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Stair Remodeling Gorham ME

Looking for Stair Remodeling in Gorham? We have compiled a list of businesses and services around Gorham that should help you with your search. We hope this page helps you find Stair Remodeling in Gorham.

Fiddlehead Interiors
2078388062
110 Brook Road
Falmouth, ME

Data Provided By:
Rick
RL Sanborn Masonry
(207) 479-7567
1124 Brighton Avenue
Portland, ME
 
Kim Connell
Coastal Maine Interiors
207-846-3312
374 Route 1
Yarmouth, ME
 
Paul Davis Restoraton & Remodeling Of Me Llc
(207) 774-4150
390 Presumpscot St
Portland, ME
 
Eastern Shore Home Improvement
(207) 797-3696
116 Gray Rd
Portland, ME
 
Faulkner Building Company
207-205-1537
119 Clarks Mills Rd.
Dayton, ME
Services
Home Remodeling

Data Provided By:
Lori Gribbin
EcoMaids of Casco Bay
877-979-0001
PO Box 6894
Portland, ME
 
Sears Home Services
8888675309
771 ROOSEVELT TRAIL STE 4
North Windham, ME

Data Provided By:
Uncommon Kitchen & Bath
(207) 899-9421
79 Ocean St
Portland, ME
 
Premier Home Improvement Inc
(207) 767-0817
23 Jessica Ln
Portland, ME
 
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You Can Renovate Your Stairs

Written by Matthew C. Keegan  //  2012/01/24  //  Home Improvement  //  No comments

stairway

Live in any home long enough and you’ll be undertaking repairs, perhaps a major renovation. One area of the home that is easy to overlook is its stairs, particularly those that lead from the first floor to the second floor.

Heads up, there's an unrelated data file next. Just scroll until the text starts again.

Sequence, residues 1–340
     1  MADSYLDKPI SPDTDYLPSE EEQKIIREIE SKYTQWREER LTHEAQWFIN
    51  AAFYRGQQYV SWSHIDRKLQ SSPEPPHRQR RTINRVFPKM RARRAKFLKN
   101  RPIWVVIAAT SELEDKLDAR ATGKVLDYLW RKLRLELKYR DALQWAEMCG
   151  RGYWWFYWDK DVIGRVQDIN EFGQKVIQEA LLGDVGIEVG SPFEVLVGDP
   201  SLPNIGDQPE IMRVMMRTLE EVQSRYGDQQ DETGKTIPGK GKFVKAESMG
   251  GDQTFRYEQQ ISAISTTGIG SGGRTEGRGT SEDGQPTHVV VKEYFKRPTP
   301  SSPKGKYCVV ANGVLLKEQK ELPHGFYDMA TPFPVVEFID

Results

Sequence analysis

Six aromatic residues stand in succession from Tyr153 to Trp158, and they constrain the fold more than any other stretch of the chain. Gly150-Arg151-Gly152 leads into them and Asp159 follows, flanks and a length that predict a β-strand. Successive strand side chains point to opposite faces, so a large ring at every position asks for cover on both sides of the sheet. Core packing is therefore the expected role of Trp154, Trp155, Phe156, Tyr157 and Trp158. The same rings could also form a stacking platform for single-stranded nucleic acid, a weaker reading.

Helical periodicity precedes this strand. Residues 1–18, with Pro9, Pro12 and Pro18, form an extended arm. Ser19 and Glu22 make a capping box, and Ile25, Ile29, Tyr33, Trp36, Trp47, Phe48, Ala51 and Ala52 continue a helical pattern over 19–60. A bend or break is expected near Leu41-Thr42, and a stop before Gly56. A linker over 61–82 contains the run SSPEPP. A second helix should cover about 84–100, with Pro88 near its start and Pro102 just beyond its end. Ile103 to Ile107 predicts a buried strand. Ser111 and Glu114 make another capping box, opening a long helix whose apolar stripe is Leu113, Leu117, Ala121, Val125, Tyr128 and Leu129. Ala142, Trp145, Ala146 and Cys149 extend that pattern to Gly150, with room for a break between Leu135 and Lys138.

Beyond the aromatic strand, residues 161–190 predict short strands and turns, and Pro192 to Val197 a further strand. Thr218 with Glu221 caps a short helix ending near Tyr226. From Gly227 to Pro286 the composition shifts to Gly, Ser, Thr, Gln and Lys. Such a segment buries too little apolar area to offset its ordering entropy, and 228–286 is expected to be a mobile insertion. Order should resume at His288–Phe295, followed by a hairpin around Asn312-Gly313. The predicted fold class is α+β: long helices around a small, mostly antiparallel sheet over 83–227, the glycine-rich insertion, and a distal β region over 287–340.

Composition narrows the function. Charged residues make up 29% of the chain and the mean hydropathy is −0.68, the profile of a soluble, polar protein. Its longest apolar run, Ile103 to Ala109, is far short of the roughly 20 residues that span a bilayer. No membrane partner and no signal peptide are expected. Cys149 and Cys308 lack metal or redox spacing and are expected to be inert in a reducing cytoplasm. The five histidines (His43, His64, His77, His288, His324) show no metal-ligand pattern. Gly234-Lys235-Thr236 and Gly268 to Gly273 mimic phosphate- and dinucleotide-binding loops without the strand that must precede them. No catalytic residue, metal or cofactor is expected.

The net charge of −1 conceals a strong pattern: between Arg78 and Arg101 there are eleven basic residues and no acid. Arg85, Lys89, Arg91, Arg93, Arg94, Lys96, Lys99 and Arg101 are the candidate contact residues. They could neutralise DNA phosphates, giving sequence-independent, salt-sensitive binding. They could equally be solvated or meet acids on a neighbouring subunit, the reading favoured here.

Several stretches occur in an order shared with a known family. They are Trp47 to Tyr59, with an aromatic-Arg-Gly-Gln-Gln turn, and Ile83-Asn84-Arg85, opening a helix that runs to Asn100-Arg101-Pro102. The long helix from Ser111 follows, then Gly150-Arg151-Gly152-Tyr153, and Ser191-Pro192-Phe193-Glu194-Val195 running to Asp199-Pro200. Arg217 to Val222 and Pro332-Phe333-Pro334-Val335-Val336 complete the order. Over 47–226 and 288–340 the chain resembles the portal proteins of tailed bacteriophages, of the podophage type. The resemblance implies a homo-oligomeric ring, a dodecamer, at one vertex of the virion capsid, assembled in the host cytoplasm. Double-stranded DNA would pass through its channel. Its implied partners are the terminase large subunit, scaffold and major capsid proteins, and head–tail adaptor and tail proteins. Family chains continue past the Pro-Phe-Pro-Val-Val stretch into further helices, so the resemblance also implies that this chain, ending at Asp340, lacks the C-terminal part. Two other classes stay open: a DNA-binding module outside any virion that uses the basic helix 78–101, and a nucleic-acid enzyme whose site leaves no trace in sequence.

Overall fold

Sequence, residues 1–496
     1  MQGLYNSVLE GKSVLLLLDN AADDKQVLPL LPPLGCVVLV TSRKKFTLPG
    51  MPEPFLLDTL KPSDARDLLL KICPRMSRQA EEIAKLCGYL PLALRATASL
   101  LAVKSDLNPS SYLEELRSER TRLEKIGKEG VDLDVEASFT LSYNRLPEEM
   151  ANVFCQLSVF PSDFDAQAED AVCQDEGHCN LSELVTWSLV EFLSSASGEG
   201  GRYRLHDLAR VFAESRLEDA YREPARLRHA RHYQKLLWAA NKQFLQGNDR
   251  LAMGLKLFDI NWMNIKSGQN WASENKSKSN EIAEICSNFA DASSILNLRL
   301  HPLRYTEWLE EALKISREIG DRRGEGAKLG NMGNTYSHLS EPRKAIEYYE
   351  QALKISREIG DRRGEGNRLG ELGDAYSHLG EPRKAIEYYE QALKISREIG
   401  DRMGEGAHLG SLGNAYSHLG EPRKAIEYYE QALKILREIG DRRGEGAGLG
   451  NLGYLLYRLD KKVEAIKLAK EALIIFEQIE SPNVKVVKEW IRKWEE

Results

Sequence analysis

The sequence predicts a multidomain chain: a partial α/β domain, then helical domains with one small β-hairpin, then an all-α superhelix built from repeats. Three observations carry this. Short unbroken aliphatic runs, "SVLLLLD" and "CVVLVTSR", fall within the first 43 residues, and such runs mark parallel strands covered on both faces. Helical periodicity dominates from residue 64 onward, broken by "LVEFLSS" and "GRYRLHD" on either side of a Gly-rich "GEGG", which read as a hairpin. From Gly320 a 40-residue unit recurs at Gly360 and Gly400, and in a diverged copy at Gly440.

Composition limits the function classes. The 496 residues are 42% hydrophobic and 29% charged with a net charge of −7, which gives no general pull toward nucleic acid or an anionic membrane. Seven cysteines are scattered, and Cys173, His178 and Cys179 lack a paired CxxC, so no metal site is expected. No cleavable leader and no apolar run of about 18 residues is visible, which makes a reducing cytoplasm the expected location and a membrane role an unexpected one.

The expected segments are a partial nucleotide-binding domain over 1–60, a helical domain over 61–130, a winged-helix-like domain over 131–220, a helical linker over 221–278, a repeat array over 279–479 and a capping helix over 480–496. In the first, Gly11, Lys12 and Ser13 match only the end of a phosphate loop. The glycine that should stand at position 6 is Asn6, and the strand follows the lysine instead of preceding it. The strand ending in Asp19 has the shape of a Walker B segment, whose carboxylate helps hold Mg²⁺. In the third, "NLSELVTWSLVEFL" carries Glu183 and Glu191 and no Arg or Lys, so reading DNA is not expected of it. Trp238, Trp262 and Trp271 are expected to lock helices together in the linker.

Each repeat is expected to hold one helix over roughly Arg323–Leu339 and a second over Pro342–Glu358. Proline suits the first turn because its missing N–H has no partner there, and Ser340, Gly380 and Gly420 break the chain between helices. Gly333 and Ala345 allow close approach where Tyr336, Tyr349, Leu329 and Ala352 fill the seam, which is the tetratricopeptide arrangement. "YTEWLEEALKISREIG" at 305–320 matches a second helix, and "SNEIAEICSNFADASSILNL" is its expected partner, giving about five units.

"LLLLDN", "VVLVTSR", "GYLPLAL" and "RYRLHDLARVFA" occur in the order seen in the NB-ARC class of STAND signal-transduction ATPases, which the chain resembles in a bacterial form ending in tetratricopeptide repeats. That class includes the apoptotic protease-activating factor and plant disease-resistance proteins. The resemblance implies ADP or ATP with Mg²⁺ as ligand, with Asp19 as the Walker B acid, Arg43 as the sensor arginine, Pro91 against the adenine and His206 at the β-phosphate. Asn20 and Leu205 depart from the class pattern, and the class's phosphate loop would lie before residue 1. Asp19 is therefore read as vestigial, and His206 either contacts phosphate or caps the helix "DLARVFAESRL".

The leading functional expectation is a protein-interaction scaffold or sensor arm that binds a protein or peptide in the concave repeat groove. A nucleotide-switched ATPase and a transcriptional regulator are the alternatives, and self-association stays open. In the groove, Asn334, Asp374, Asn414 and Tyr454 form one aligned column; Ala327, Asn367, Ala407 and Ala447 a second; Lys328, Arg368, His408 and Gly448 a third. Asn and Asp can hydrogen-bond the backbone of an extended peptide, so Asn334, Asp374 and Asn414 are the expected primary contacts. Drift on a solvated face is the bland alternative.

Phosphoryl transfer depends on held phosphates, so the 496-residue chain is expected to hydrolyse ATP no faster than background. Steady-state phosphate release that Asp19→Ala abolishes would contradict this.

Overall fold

If your home’s stairs are in terrible shape, only an entirely new staircase may help. That project is expensive, one where you’ll probably have to call in a team of professionals to handle it.

You can renovate your stairs on your own, a project that may be as simple as bringing out a hammer, some nails and a sheet of sand paper to start. Follow these steps to make your staircase a showcase:

1. Inspect each step. Bring along your hammer and walk up each step, hammering in any nail that isn’t flush with the stairs. Replace broken or bent nails with nails of the same size as needed.

2. Fix cracks. You may be able to save the stair’s tread by using a filler to fix cracks. Ask the Builder’s Tim Carter recommends that homeowners first insert “expanding urethane glue or a heavy-bodied epoxy” in the crack and top it with wood filler. Use stain or epoxy to make the crack disappear. You’ll need to sand the tread first and then follow the other steps.

3. Tighten treads and risers. Stairs are made up of three main parts: stringers, which hold the stairs in place; treads that you walk on and risers that are perpendicular to the treads and support each tread. Tom Silva of This Old House magazine, notes that glue and or nails often holds these pieces together. Plan to scrape off the old glue before applying a new coat of glue. If you have access to underneath the stairs, you can tighten the stairs that way too.

4. Baluster and railing — The wood spindles holding up the railing are called balusters. These may need tightening, especially if screws are already ...

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